This publication highlights new insights into the evolution of neural systems in vertebrates. The elaboration of links among all levels of vertebrate neural phenomena is the continuing focus of the eighth triannual European conference of comparative neurobiologists (ECCN8), to which this volume is devoted. Topics range from principles of brain morphology and comparative molecular neuroembryology or neuroanatomy over the evolution of hair cell sensory systems, including hearing and lateral line system, to cognitive processes in the teleost fish telencephalon. A comparative approach involves looking at and interpreting facts coming from various developing and adult species in a phylogenetic perspective. The specific value of such a viewpoint is not only to communicate scientific detail but also to open any researcher's mind to the real variability of neural systems and their functional adaptations beyond their own special field. Therefore, this volume is addressed to brain researchers from all disciplines of neuroscience.
Developmental biologists have been driven to investigate growth factor signaling in embryos in order to understand the regulatory mechanisms underlying a given developmental process. Thus, it is critical to explore the technical methods and experimental designs for growth factor signaling in embryos.
Focusing on specific pathways or pathway components, Analysis of Growth Factor Signaling in Embryos provides the methods and guidelines for experimental design to study major aspects of cell signaling in vertebrate embryos. The book covers a broad range of topics in signaling and a variety of current model organisms. Section I explores specific signaling pathways or pathway components. In this section, some chapters highlight the biochemistry of signaling pathways during development, which is often distinctive from that observed in cell culture systems. Section II discusses ionic regulatory mechanisms and the two chapters in Section III examine ways of investigating gene regulation in response to extracellular signals. Finally, Section IV addresses emerging strategies that facilitate integrated analyses of cell signaling" in vivo" in embryonic systems.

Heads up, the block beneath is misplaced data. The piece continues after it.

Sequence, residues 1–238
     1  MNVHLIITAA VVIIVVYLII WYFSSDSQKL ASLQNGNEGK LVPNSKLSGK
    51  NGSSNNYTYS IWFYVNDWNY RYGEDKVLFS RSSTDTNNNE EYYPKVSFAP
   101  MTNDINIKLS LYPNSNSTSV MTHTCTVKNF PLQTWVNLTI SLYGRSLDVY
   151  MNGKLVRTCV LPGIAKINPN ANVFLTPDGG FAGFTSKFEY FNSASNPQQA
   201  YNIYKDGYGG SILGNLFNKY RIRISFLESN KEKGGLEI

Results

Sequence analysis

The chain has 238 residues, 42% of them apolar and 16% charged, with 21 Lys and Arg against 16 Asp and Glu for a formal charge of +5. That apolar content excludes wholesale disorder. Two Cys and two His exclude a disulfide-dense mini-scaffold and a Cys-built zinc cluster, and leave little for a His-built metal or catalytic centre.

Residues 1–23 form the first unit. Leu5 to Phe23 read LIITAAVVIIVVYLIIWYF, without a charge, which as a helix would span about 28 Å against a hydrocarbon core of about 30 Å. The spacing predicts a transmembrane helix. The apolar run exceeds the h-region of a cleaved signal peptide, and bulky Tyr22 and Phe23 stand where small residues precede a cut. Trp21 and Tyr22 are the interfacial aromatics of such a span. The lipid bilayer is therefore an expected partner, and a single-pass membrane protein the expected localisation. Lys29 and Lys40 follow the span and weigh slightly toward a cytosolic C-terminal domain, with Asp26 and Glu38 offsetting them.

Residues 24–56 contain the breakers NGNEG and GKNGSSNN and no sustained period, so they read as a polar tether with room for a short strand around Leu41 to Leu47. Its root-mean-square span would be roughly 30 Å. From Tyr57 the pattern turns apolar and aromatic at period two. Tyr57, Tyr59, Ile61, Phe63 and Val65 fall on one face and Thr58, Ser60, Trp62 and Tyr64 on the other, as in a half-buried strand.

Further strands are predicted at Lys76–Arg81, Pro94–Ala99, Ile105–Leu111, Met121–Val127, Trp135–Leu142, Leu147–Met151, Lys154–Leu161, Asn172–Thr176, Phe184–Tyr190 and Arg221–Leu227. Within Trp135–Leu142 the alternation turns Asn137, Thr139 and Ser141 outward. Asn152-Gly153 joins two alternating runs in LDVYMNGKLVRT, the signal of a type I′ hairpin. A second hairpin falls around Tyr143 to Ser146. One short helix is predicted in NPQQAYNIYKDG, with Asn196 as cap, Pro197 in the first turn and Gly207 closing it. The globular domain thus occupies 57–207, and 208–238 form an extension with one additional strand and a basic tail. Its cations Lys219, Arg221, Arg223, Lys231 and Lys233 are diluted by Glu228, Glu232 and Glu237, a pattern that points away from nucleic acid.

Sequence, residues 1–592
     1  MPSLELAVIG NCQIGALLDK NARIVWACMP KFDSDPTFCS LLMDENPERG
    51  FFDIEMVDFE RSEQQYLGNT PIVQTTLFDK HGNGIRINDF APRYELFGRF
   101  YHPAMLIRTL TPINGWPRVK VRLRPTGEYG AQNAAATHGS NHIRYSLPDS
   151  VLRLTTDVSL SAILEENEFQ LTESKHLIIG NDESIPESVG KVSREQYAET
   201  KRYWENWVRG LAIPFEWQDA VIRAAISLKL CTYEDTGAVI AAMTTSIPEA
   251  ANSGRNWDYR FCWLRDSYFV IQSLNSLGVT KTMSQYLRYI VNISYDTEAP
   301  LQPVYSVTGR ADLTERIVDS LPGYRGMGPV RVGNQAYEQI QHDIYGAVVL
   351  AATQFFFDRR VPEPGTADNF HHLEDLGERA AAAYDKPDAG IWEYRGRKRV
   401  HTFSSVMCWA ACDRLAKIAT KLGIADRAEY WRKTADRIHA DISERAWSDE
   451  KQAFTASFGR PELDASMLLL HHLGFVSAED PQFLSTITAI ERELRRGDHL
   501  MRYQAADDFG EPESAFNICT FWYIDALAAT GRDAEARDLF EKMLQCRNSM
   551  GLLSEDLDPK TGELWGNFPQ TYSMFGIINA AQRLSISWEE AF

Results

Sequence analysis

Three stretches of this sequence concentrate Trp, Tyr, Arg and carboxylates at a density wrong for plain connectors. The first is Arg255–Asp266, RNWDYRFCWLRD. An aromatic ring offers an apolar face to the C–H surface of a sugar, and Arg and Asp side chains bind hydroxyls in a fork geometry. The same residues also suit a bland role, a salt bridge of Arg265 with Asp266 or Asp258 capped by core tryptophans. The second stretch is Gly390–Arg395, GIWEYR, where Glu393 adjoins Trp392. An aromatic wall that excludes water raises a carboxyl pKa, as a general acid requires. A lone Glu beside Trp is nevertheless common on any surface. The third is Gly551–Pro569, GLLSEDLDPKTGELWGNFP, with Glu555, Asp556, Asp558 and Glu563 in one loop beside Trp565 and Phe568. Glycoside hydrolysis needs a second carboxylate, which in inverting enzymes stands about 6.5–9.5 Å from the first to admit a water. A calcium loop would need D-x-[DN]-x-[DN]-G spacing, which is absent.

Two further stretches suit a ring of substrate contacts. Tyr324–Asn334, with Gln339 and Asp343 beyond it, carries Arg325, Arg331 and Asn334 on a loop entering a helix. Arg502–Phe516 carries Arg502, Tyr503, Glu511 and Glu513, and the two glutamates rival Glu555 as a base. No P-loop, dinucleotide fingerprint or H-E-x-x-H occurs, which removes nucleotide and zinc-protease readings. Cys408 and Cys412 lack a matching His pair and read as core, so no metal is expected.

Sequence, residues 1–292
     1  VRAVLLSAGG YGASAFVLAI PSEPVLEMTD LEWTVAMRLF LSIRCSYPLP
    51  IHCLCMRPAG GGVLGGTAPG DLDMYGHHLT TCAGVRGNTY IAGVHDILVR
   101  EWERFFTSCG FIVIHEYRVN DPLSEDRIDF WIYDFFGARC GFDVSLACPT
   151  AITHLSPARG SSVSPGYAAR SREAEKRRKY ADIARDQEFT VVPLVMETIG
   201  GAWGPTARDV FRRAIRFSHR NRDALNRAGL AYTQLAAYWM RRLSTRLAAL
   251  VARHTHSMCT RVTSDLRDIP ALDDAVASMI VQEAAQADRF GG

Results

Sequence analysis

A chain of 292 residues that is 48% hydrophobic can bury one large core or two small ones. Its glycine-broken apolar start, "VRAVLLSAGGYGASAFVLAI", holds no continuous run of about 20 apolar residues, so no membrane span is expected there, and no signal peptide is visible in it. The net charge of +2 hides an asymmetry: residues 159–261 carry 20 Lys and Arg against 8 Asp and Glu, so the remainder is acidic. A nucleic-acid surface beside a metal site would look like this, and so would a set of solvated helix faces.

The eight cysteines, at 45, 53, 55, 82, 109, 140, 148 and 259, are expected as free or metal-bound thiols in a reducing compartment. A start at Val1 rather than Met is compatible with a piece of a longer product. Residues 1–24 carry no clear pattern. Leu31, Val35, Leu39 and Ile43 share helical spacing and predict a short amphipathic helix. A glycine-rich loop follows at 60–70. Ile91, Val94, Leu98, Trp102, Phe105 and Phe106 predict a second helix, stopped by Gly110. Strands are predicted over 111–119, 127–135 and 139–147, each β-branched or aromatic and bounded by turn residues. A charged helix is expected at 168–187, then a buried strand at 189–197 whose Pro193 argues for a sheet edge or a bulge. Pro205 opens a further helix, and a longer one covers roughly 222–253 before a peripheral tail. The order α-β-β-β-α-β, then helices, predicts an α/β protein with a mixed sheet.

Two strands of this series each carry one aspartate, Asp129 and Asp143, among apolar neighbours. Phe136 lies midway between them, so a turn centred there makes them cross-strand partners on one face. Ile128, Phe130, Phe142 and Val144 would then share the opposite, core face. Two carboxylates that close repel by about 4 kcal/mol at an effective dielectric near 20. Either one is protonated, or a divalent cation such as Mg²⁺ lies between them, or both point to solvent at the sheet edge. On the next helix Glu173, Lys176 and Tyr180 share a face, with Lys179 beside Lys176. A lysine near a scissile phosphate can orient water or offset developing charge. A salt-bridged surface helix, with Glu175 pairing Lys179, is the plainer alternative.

Featuring contributions from expert researchers, Analysis of Growth Factor Signaling in Embryos will provide a foundation for further explorations of the cellular regulatory mechanisms governing vertebrate embryonic development.
This book explores how conditions for childbearing are changing in the 21st century under the impact of new biomedical technologies. Selective reproductive technologies (SRTs) - technologies that aim to prevent or promote the birth of particular kinds of children - are increasingly widespread across the globe. Wahlberg and Gammeltoft bring together a collection of essays providing unique ethnographic insights on how SRTs are made available within different cultural, socio-economic and regulatory settings and how people perceive and make use of these new possibilities as they envision and try to form their future lives. Topics covered include sex-selective abortions, termination of pregnancies following detection of fetal anomalies during prenatal screening, the development of preimplantation genetic diagnosis techniques as well as the screening of potential gamete donors by egg agencies and sperm banks. This is invaluable reading for scholars of medical anthropology, medical sociology and science and technology studies, as well as for the fields of gender studies, reproductive health and genetic disease research.